Cycad Spa Day
March 13, 2023
By Horticultural Specialist, Karen Maxwell
Early in February, a world-renowned cycad specialist generously devoted an entire day toward the restoration of our cycad collection, which was in need of a professional make-over. Situated on the riverside of the Estates, the collection consists of approximately 20 specimens of ancient plants.
Cycads, sometimes called “living fossils” are a green link back to the age of dinosaurs – more than 200 million years ago. Fossils of cycads have been identified from Alaska to Antarctica and these plants fall somewhere between ferns and seed-bearing plants. The fossil fuels that power your automobile most likely contain the ancient matter of decayed cycads.
Cycads are gymnosperms, meaning they produce naked seeds such as the cones of pine trees. All species of cycads are dioecious – there are distinct male and female plants. Presently, there are 300+ species worldwide; the Estates is fortunate to have 22 species that include a Florida native as well as species from Africa, Central America, North America, and Asia. Four genera of cycads are represented and all species in the genera Encephalartos are endangered in their indigenous locations throughout Africa.
Many cycads resemble palms; however, they have nothing in common, and the often so-called “Cardboard Palm” is actually a cycad and correctly called a Cardboard plant in the vernacular. Similar to palms, cycads have a single, unbranching trunk, and some may produce multiple trunks. Additionally, they are evergreen and sport fronds or leaves with leaflets in a pinnate leaf arrangement. While most cycads cannot withstand flooding, fortunately the species in our collection are salt tolerant and for the most part, survived the harsh weather elements delivered by the recent hurricane. Around the world, cycads frequently grow in harsh conditions, along seashores, dunes and rainforests. The most salt tolerant and flood tolerant species is Zamia furfuraceae, the Cardboard Plant native to shores of Mexico.
World-renowned cycad specialist, Chip Jones of Jones Landscaping Nursery (www.cycadflorida.com) travelled from his Moore Haven Nursery, along with an assistant,
and undertook a full day of treacherous pruning and trimming to remove hurricane ravaged fronds and expose the beautiful trunks of the Edison Ford Cycad collection.
The pruning and clean-up that Chip executed could only be performed by someone extremely knowledgeable in cycad growth and cycad characteristics. Working underneath a cycad commonly called “Ferocious Blue” (Encephalartos horridus) hints at the sharp spines that are on the tips of their fronds. Watching Chip work quickly and precisely, often on a ladder, with his chainsaw and agave knife, we recognized that this was not a job for amateurs or hand pruners.
Our entire department joined in eagerly, carrying away the load after load of pruned fronds while peppering Chip with questions about cycads, all of which he graciously answered. Clearly, he had to focus closely on his work, careful not to injure the trunks of the cycads which could be fatal.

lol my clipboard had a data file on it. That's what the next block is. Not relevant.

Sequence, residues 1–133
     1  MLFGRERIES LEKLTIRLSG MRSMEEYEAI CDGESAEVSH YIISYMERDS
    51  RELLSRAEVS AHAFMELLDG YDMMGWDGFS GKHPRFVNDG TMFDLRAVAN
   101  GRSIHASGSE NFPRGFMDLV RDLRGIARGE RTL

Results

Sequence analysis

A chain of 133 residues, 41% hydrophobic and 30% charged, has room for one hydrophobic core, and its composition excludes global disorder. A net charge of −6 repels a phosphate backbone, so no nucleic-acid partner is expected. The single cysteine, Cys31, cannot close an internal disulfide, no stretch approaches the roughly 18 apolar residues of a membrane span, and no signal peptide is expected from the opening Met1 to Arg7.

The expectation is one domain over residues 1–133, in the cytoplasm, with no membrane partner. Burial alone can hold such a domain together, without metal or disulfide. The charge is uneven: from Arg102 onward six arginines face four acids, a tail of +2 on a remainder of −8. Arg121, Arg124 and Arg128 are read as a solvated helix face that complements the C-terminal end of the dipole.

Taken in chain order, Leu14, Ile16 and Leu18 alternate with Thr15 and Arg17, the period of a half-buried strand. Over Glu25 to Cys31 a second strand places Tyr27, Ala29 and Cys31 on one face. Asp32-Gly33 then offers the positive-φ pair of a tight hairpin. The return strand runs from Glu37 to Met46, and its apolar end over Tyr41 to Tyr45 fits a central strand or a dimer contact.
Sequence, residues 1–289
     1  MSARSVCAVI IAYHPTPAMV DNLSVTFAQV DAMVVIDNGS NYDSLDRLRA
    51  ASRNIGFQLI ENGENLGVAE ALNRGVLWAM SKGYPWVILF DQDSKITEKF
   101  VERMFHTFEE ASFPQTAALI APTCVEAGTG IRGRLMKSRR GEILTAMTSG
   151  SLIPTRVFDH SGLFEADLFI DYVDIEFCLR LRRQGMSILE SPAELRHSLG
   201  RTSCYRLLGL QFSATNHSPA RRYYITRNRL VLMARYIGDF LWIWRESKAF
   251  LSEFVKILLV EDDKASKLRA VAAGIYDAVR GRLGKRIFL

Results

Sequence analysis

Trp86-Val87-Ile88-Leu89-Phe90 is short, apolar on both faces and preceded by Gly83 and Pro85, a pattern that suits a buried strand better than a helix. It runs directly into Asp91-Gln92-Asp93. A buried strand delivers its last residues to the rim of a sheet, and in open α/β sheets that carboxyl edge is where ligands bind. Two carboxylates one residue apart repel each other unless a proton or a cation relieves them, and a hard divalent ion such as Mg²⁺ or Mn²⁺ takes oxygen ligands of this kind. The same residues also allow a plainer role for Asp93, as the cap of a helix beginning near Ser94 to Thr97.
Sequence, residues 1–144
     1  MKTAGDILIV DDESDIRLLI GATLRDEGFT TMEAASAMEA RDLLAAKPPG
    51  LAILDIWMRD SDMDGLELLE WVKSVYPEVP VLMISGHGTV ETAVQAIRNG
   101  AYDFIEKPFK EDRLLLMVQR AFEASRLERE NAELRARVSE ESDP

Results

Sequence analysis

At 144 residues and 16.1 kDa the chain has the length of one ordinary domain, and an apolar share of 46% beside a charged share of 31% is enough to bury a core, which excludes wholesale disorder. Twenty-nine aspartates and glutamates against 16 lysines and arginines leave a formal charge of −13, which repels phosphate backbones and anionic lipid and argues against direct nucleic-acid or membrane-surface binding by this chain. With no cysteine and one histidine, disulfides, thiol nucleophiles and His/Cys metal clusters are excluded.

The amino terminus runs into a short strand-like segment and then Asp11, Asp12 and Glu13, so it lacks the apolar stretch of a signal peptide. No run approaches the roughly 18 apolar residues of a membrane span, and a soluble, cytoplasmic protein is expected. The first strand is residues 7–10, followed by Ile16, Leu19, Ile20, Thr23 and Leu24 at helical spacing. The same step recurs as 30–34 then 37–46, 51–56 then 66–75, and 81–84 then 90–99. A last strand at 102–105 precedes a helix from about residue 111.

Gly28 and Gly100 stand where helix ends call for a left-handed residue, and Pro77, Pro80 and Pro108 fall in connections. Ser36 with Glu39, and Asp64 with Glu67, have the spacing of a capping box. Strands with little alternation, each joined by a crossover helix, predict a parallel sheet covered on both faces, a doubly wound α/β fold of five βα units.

The genus of Encephalartos cycads are sometimes called “Bread Palms” as their trunks were once ground up make flour by indigenous people. Today, one must consider all parts of the cycads, especially their seeds, poisonous or toxic to people and animals. An outstanding landscape specimen, the Encephalartos species are frequently grown for their enormous cones, but due to their sharp spines, these plants are best located away from pedestrian areas and careful consideration should be given to the plant’s ultimate size to avoid having to transplant later.
How have cycads managed to outlive so many other species on our planet? No one knows for sure, but one answer is in their unique roots. These roots are called coralloid roots. As specialized roots, they are able to use blue-green algae bacteria to capture air-borne nitrogen and convert into useable soil borne nitrogen. This survival technique has provided cycads that grow in nutrient deficient soils (like in Florida) a winning survival strategy all their own.
The most well-known cycad to Floridians is the Coontie (Zamia floridana syn. Zamia integrifolia), native from Florida to South America. Regular readers may recall my article last month where I wrote about the Coontie as a host plant to the beautiful Hairstreak Atala butterfly.
We have nicknamed our collection “Cycad Island” and we will soon be adding additional Dioons and Encephalartos to the grouping. As the hurricane stripped the good mulch and dropped a load of sand at the bases, our work now is to treat these rugged and photogenic plants following their spa day at the expert hands of Chip Jones, with new layers of organic soil and finish with a nice mulch dressing.
Chip Jones has co-authored a manual on cycad care entitled “Cycad Cultivation and Landscaping” and he regularly travels internationally in search of new species to bring to his Moore Haven nursery, which is open to the public by appointment only. We are extremely grateful for Chip Jones’ time, his knowledge and donated plants as we grow this historic collection outside the front porch of Thomas Edison’s home.
All photographs courtesy of Karen M. Maxwell